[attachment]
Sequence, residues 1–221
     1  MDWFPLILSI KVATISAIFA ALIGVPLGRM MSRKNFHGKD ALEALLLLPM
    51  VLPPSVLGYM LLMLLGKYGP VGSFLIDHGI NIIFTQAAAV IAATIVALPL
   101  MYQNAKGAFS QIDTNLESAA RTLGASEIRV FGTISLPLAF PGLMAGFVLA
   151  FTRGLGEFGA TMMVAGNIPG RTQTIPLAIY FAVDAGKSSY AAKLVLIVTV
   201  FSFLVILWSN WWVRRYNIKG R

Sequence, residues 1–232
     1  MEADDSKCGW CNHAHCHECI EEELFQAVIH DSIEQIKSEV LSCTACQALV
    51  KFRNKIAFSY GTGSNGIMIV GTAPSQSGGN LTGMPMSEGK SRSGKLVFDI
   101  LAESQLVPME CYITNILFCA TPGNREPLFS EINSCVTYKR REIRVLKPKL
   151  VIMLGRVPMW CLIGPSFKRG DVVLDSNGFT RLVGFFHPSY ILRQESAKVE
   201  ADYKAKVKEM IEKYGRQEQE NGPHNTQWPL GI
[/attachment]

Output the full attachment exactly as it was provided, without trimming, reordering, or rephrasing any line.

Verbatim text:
Sequence, residues 1–221
     1  MDWFPLILSI KVATISAIFA ALIGVPLGRM MSRKNFHGKD ALEALLLLPM
    51  VLPPSVLGYM LLMLLGKYGP VGSFLIDHGI NIIFTQAAAV IAATIVALPL
   101  MYQNAKGAFS QIDTNLESAA RTLGASEIRV FGTISLPLAF PGLMAGFVLA
   151  FTRGLGEFGA TMMVAGNIPG RTQTIPLAIY FAVDAGKSSY AAKLVLIVTV
   201  FSFLVILWSN WWVRRYNIKG R

Sequence, residues 1–232
     1  MEADDSKCGW CNHAHCHECI EEELFQAVIH DSIEQIKSEV LSCTACQALV
    51  KFRNKIAFSY GTGSNGIMIV GTAPSQSGGN LTGMPMSEGK SRSGKLVFDI
   101  LAESQLVPME CYITNILFCA TPGNREPLFS EINSCVTYKR REIRVLKPKL
   151  VIMLGRVPMW CLIGPSFKRG DVVLDSNGFT RLVGFFHPSY ILRQESAKVE
   201  ADYKAKVKEM IEKYGRQEQE NGPHNTQWPL GI